The U.S. government is stepping up its effort to combat threats from foreign technology investments, data acquisition and cyberattacks with a new collaboration between the Departments of Justice and Commerce, Deputy Attorney General Lisa Monaco said Thursday.
Speaking at the Chatham House in London as part of a conversation on disruptive technologies by nation states and malign actors, Monaco announced the “Disruptive Technology Strike Force,” to fight the ability of autocrats seeking “tactical advantage through the acquisition, use, and abuse of disruptive technology, innovations that are fueling the next generation of military and national security capabilities.”
The U.S. government has traditionally used the Committee on Foreign Investment in the U.S. (CFIUS) to screen foreign investment in U.S. companies, and DOJ has used that committee to address the exploitation of American assets and technology, but it’s not enough, Monaco said.
“But CFIUS began nearly 50 years ago in an era of brick-and-mortar transactions,” Monaco said. “But today, the greatest risks come not from investment in our physical assets, but from transactions where datasets, software, and algorithms are the assets.”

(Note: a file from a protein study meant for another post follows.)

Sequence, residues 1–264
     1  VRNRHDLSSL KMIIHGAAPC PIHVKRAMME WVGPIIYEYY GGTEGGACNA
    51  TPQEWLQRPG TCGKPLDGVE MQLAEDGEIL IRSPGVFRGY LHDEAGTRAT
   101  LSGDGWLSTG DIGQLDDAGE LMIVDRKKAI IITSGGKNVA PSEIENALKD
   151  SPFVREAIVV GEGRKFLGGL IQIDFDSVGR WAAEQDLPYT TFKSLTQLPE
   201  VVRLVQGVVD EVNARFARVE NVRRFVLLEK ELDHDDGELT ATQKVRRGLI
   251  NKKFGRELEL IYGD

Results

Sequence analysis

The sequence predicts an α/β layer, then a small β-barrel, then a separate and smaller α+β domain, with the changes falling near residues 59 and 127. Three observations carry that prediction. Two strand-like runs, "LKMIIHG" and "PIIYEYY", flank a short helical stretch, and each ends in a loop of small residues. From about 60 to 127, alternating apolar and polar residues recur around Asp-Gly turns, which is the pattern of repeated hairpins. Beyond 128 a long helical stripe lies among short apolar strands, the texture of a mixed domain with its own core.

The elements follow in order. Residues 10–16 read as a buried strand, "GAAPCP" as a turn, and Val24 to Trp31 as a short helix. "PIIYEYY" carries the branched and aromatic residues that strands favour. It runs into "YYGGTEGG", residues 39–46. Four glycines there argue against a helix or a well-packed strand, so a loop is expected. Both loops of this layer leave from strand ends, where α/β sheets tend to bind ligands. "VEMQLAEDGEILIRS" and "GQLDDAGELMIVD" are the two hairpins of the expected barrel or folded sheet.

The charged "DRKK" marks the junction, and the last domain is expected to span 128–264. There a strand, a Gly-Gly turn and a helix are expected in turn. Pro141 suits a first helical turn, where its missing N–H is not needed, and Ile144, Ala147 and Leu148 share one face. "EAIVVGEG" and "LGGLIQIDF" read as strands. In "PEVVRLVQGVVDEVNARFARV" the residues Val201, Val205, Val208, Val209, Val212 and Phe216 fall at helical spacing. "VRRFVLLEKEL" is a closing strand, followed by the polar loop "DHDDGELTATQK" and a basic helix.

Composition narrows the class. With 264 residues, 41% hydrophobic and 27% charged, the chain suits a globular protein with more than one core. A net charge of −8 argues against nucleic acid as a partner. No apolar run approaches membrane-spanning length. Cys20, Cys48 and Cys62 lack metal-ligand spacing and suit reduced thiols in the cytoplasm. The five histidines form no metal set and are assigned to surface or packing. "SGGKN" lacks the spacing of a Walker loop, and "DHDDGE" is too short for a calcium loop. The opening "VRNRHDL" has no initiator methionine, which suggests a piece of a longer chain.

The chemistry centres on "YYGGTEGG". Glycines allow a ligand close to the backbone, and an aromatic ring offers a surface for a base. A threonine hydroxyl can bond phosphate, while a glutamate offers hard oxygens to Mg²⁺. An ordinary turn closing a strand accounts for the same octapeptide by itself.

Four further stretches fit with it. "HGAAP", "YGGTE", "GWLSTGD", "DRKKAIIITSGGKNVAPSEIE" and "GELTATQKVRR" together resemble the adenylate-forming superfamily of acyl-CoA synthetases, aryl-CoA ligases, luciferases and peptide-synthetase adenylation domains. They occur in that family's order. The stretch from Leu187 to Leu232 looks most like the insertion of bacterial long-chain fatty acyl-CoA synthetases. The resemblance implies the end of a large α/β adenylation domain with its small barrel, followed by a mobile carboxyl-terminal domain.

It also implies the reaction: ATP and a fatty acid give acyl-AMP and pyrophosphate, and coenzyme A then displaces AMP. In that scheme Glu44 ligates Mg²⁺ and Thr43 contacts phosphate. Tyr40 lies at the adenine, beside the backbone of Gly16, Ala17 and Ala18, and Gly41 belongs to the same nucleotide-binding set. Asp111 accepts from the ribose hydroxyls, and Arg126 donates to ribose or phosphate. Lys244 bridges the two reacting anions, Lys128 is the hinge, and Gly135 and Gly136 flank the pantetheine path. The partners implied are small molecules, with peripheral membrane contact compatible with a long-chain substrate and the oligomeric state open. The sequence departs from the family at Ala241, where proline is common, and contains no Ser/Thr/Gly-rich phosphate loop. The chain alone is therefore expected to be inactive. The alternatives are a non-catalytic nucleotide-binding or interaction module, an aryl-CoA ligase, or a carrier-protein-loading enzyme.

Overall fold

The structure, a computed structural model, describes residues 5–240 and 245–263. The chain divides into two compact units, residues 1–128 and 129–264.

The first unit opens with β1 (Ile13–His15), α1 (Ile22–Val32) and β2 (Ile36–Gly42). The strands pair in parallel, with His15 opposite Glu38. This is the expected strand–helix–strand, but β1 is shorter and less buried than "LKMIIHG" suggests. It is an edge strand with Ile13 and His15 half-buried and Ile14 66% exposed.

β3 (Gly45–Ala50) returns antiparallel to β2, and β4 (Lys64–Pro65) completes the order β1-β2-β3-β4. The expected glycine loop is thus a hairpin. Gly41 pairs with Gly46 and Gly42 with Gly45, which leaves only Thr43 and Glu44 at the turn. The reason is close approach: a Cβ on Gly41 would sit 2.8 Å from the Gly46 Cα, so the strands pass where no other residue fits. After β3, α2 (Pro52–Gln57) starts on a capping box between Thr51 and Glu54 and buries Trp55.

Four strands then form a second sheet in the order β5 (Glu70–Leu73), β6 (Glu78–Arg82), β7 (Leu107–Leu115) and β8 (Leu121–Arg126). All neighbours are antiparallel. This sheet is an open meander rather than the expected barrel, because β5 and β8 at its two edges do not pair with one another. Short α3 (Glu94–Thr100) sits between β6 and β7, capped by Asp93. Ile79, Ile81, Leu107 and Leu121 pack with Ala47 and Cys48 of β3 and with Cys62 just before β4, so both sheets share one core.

The strike force will “use intelligence and data analytics to target illicit actors, we will enhance our public-private partnerships to harden supply chains, and we will identify early warning of threats to our critical assets, like semiconductors,” Monaco said. “Our goal is simple but essential — to strike back against adversaries trying to siphon off our best technology.”
The effort is a continuation of the work the government has done to be more aggressive in confronting state-aligned threats. In April 2022, for instance, the U.S. and British governments proactively disrupted a Russian military-controlled botnet known as Cyclops Blink. The two governments have also been proactive in attacking ransomware infrastructure, such as last month’s operation that took down servers connected to the Hive ransomware group.